- Paperback: 384 pages
- Publisher: John Wiley & Sons (8 July 2011)
- Language: English
- ISBN-10: 0470944889
- ISBN-13: 978-0470944882
- Product Dimensions: 18.5 x 2.3 x 22.9 cm
- Average Customer Review: 2 customer reviews
- Amazon Bestsellers Rank: #4,07,462 in Books (See Top 100 in Books)
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Visualize This: The FlowingData Guide to Design, Visualization, and Statistics Paperback – 8 Jul 2011
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From the Back Cover
See your data in new ways
Our world is awash in data. To mean anything, it must be presented in a way that enables us to interpret, analyze, and apply the information. One of the best ways to do that is visually.
Nathan Yau is a pioneer of this innovative approach. In this book, he offers you dozens of ideas for telling your story with data presented in creative, visual ways. Open the book, open your mind, and discover an almost endless variety of ways to give your data new dimensions.
Learn to present data with visual representations that allow your audience to see the unexpected
Find the stories your data can tell
Explore different data sources and determine effective formats for presentation
Experiment with and compare different visualization tools
Look for trends and patterns in your data and select appropriate ways to chart them
Establish clear goals to guide your visualizations
Visit the companion web site at www.wiley.com/go/visualizethis for code samples, data files you can download, and interactive examples to show you how visualization works
About the Author
Nathan Yau is a PhD candidate in Statistics at UCLA and a lifelong data junkie. His goal is to make data available and useful to those who aren′t necessarily data experts, and he focuses on data visualization and personal data collection. You can follow his visualization experiments at http://flowingdata.com.
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Most helpful customer reviews on Amazon.com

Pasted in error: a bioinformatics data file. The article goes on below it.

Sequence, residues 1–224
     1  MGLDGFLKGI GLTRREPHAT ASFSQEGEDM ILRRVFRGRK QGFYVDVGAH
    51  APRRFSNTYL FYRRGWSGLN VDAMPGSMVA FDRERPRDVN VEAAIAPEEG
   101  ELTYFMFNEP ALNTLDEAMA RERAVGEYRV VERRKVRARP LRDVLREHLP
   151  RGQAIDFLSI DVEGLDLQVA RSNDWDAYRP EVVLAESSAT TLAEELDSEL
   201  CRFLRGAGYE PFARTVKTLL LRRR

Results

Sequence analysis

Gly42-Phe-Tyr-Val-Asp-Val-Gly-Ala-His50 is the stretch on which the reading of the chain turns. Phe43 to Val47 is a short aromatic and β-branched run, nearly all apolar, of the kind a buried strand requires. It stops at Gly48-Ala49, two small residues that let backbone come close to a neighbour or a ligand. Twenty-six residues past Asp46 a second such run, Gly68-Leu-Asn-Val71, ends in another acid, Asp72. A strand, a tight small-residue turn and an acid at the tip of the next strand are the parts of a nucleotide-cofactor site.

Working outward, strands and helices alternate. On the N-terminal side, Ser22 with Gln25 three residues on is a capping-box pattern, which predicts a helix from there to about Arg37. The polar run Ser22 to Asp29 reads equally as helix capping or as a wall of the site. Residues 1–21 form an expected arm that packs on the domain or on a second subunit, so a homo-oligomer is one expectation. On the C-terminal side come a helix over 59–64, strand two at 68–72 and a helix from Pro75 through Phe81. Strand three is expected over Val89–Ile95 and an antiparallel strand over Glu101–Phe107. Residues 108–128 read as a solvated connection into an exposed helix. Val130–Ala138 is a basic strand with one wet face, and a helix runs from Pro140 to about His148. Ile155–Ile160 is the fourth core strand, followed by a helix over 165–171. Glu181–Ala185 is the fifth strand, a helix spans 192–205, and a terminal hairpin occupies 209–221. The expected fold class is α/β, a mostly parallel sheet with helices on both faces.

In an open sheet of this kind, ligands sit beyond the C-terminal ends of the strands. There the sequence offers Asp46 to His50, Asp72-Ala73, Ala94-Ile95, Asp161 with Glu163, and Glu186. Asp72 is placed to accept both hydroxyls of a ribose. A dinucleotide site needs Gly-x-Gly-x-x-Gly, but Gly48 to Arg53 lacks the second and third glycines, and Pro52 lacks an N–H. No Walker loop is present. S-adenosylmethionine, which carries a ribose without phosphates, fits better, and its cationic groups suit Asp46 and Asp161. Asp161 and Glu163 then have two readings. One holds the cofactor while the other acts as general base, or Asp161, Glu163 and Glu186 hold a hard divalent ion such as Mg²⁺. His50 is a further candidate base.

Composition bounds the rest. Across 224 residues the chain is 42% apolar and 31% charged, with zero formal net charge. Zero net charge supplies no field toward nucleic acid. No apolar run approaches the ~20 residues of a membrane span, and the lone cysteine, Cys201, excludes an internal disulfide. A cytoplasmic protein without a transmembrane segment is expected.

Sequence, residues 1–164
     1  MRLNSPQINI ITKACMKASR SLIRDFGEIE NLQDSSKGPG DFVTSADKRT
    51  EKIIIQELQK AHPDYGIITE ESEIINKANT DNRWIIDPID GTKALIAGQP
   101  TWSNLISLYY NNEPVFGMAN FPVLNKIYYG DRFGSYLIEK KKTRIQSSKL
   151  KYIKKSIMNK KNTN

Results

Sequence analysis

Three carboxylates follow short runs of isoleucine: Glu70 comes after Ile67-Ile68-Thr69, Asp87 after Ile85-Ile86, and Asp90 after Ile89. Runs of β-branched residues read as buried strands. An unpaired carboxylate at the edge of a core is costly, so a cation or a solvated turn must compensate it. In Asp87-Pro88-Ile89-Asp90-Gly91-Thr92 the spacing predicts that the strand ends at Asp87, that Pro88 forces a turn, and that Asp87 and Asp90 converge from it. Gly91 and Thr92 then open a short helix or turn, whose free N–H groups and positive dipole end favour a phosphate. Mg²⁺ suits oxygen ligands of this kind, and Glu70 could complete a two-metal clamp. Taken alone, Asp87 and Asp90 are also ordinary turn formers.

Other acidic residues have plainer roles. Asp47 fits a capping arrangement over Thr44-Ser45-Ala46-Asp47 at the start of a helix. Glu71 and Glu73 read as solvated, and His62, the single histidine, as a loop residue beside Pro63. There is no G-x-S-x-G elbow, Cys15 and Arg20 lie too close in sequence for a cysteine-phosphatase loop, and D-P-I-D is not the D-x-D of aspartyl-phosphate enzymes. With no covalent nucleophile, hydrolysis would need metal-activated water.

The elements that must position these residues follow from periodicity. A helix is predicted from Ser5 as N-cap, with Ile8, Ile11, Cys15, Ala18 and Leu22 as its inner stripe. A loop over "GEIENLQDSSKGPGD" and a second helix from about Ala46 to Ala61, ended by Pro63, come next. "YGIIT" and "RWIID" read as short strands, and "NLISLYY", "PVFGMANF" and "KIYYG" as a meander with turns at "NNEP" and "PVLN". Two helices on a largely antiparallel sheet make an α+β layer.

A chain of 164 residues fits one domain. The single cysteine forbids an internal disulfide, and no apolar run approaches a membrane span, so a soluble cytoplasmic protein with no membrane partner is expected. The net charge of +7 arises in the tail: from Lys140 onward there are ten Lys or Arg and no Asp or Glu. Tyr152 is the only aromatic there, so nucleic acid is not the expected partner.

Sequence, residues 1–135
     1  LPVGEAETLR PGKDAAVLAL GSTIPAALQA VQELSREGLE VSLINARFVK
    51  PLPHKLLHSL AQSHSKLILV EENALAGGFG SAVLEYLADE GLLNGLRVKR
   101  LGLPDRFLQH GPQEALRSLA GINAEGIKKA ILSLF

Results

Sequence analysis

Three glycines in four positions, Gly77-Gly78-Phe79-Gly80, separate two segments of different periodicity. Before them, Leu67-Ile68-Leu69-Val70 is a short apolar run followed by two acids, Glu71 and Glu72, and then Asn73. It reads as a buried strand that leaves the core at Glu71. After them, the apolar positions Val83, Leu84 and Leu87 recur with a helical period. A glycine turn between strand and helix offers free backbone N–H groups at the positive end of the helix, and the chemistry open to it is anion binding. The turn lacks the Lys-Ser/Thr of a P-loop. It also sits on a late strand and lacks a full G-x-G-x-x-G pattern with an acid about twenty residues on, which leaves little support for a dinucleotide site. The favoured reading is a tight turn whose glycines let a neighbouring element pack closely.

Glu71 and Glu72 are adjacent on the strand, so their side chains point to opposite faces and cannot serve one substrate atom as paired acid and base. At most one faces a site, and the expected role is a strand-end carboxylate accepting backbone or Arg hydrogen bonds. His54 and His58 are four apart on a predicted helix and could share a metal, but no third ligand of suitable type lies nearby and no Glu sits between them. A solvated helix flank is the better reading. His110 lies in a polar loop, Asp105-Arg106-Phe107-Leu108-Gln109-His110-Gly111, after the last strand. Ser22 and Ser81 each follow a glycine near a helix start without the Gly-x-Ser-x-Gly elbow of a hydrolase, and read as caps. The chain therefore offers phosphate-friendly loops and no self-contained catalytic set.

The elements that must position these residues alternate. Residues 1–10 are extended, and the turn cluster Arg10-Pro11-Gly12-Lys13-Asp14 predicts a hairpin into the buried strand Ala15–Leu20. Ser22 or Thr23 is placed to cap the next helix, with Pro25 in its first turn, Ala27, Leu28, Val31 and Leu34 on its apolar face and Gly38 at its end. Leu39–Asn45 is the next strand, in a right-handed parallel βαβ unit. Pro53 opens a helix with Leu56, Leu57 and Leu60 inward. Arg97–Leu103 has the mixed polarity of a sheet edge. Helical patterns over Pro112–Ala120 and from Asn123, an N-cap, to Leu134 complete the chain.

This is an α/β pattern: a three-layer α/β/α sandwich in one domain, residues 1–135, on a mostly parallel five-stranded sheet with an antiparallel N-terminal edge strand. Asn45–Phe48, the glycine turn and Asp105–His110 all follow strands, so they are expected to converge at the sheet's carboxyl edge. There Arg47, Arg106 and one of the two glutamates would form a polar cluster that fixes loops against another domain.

The book describes several visualization methods. For each topic, Yau starts with a quick overview of the technique. He then follows with programming details (for example using R). He eventually shows the way from standard R graphics to nice visualizations using Illustrator. The book is thus very practical, with few place for theoretical concepts.
Yau provides several good advices such as the importance to question your data. The books contains tips and tricks for preparing and programming graphics. It is sometimes more of a R user manual than a general book on the topic. To be noted the excellent Chapter 7, about visualizing multi-dimensional data. This book is a must-have for people who want to prepare nice graphics in R. For expert users, the book is too straightforward (out of the last few chapters). For others, it’s a nice non-theoretical journey in the world of data visualization.
There is very little to complain about here except the fact that the author shows off Illustrator instead of its less expensive competitors. I had avoided Illustrator because of cost and the nasty learning curve but now, thanks to this book, I am using it to edit my SAS and R graphics that were "almost perfect." Happily this book has great examples for showing how to manipulate/clean up scientific graphics without getting bogged down in the endless complexity that is Illustrator.
So, this is all around beautiful, friendly and worth every cent if you need to make high quality graphics.